Clarkia purpurea

Common name: Winecup Clarkia

Winecup Clarkia (Clarkia purpurea) is another one of those little wildflowers that have probably been around all the time here, but I never really noticed them or paid much attention to them until this Spring, when they seem to be out in much larger amounts than before, thanks to our wet winter. Patches left and right along some local trails seemed to contain nothing else but Winecup Clarkia for a period of time.

There are three subspecies (ssp) known to grow in San Diego County and from the dichotomous key for the Clarkia genus I “extracted” the following differences between them… but it is much more difficult to see those differences when you see one of them in nature!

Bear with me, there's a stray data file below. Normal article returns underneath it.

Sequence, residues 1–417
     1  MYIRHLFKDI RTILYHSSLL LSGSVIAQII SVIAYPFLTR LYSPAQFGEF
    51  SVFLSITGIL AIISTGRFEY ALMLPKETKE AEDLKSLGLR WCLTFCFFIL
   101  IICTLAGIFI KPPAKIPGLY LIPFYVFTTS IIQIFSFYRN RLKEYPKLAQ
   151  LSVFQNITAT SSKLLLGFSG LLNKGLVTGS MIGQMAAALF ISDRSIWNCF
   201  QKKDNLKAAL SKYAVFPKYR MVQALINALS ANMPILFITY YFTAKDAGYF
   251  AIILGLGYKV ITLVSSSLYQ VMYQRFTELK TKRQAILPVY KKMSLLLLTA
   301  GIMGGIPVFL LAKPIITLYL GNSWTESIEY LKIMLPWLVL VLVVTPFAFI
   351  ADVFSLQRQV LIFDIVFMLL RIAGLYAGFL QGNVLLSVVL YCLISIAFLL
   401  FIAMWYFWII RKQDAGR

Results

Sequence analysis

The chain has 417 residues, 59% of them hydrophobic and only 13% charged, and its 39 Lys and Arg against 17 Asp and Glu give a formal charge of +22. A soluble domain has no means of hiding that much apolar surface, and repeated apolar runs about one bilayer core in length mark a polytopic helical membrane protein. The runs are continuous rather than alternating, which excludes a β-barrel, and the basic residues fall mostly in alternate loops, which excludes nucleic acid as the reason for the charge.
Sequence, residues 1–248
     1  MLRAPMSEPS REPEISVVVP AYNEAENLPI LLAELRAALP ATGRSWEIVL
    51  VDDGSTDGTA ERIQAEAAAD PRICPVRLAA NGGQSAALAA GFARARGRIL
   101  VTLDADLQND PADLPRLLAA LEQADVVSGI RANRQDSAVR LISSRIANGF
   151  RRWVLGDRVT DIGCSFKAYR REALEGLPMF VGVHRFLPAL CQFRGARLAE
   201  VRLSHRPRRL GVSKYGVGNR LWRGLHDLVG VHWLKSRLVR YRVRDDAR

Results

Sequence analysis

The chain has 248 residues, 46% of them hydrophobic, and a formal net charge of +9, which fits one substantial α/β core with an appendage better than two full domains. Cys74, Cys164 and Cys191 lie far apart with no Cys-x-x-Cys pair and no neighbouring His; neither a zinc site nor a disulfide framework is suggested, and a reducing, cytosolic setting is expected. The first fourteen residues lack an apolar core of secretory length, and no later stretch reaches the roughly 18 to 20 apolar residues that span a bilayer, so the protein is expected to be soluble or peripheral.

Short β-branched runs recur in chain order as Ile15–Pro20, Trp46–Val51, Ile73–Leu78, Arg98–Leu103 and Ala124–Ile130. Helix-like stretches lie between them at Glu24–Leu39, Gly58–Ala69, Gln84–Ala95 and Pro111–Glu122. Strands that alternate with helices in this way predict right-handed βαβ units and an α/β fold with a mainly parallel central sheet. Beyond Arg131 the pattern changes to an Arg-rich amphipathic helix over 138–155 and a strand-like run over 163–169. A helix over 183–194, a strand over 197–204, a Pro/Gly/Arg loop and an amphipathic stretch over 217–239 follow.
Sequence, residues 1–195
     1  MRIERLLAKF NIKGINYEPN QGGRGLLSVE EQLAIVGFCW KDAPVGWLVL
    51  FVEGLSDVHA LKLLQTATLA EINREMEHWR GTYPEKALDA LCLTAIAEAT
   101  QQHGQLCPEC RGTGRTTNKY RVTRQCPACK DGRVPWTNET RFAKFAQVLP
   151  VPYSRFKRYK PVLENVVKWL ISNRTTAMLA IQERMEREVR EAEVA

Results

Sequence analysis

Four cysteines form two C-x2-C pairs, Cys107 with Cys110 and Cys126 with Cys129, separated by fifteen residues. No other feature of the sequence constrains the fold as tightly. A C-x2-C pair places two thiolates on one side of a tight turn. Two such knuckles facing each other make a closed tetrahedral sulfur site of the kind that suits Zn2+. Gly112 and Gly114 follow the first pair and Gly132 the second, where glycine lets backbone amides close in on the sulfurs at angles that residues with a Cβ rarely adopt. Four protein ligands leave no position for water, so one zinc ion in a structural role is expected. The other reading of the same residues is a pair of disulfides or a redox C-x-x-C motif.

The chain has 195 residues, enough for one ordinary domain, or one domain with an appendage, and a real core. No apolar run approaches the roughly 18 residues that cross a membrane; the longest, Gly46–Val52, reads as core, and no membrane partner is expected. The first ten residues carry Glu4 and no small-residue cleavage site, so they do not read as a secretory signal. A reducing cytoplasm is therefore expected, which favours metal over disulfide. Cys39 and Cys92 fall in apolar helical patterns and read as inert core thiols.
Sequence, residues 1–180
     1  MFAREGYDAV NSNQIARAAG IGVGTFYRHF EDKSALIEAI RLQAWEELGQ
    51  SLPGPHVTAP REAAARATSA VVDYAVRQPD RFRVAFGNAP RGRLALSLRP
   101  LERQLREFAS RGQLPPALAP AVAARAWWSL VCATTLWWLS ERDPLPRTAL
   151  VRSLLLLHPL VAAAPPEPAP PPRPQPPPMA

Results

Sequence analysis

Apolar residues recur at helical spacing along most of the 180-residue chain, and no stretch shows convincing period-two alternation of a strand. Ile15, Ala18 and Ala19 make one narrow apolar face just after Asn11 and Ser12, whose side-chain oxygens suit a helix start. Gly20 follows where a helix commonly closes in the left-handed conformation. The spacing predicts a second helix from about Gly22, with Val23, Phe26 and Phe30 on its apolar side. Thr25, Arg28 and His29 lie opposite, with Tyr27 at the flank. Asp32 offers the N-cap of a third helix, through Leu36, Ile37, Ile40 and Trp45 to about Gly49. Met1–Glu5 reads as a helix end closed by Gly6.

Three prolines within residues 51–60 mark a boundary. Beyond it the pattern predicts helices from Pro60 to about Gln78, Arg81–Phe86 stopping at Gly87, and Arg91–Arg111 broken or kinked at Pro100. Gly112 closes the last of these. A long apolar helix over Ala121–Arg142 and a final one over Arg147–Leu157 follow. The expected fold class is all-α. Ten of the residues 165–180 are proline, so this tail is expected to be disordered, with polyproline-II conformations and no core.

• Clarkia purpurea ssp. purpurea: with broader leaves that have little or no hairs, and stigma higher than anthers
  • Clarkia purpurea ssp. quadrivulnera: with narrow, hairy leaves, stigma & anthers at same level
  • Clarkia purpurea ssp. viminea: with stigma higher than anthers, and a red/purple petal dot

These little flowers only really open in full sun, which is usually not the kind of light I want to photograph them in. Using a diffuser would be an obvious solution, but using one alone while making hand-held macro photos of small but tall wildflowers that sway in the wind is… a bit difficult. :P

Anyway, here are some photos. As usual, simply scroll down to see more, or if you’re on a desktop or laptop with a larger screen, click on any image to open it in the slideshow viewer.

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